What do you need to do? The solution is simple. Set a curfew one hour before their bedtime. We know it’s difficult but this is the crucial moment that decides if your child is going to sleep on time or not. What you can do is to have a family charging station where all the electronic devices are plugged-in at night. This could be any place that your child can’t access, unless you give them the permission to do so. Your bedroom could be that place.

Normally, doctors recommend kids ages between 14 and 17 to get at least 8-10 hours of sleep. However, we believe that it’s not really possible as teens have so many obligations like homework, extracurricular activities, sports, and of course a lot of socialising. But it’s necessary to understand the significance of this lifelong habit of sleeping properly and at the right time. Within just a few years, your kids will be on their own, and if they don’t have good habits now, they will have difficulties finding the balance between their work and other chores.

The reason why it’s necessary to cut-off a child’s access to social media an hour before going to

sleep is because social media interaction requires brain stimulation that doesn’t let them drift off to sleep. So it’s necessary that teens don’t use social media at night. We know kids don’t have the habit of reading or writing before going to bed, but these kinds of habits are healthy and beneficial for your children.

Overcoming FOMO

One reason why teens can’t alienate themselves from their cell phone and social media is because of the “fear of missing out” on important stuff, like a post, photo or some video. While adults prefer to stay off the radar, teens find it imperative to have social networking connections. It’s like juice for their brains and bodies, presumably. It’s terrible that kids consider these digital devices as an extension of their social lives, and if parents do anything to restrict their kids’ access to social media, it’s usually considered as a setback to their freedom.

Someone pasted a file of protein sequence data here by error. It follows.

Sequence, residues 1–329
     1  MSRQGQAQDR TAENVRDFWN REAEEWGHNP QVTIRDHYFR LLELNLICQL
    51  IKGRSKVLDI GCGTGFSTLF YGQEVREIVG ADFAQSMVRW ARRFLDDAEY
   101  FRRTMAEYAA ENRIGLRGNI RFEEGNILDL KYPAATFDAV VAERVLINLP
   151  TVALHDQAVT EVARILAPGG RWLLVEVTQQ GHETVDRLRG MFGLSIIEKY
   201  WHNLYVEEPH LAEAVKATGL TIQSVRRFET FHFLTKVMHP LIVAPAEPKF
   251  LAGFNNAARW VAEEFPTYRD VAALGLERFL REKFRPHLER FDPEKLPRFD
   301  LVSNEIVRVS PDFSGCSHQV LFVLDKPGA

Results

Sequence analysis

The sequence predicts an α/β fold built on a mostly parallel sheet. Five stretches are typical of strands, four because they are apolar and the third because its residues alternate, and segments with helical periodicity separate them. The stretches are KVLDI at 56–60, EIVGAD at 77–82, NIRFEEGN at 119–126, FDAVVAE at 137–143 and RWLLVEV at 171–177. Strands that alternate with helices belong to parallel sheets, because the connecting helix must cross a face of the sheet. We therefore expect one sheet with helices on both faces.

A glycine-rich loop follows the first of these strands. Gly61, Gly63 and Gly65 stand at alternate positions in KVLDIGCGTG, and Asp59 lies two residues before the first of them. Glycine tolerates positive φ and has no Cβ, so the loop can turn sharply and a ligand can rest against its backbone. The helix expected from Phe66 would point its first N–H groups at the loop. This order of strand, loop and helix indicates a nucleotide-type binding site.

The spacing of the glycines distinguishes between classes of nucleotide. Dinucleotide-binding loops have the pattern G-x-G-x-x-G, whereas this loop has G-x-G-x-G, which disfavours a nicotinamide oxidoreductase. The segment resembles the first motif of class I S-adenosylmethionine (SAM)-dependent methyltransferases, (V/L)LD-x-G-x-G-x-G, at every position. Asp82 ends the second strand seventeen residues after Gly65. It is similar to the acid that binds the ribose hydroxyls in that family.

So what can you do if your child is addicted to social media? We say abstinence is the solution and you can help your kids achieve that through these guidelines.

  • Set rules for no-phone zones during night. Don’t let your kids put their phones on charge in their rooms.
  • Wean yourself and your teens to stay away from electronic device at least an hour before going to sleep. You can start with 15 minutes and build up to 1 hour.
  • Tell them to have other bedtime habits like reading or writing.
  • Refrain your kids from checking their phones during night. This can be done by alienating them from their cell phones at night.

It’s vital for the parents to help their kids with social media obsession. Parents need to monitor their kids’ social media usage and sleep patterns. If not, this could have some catastrophic and far-reaching effects on their lives and overall health. Help your teens become more productive human beings—start with monitoring their sleep and social media.

Have something to share with us? Let us know in the comments.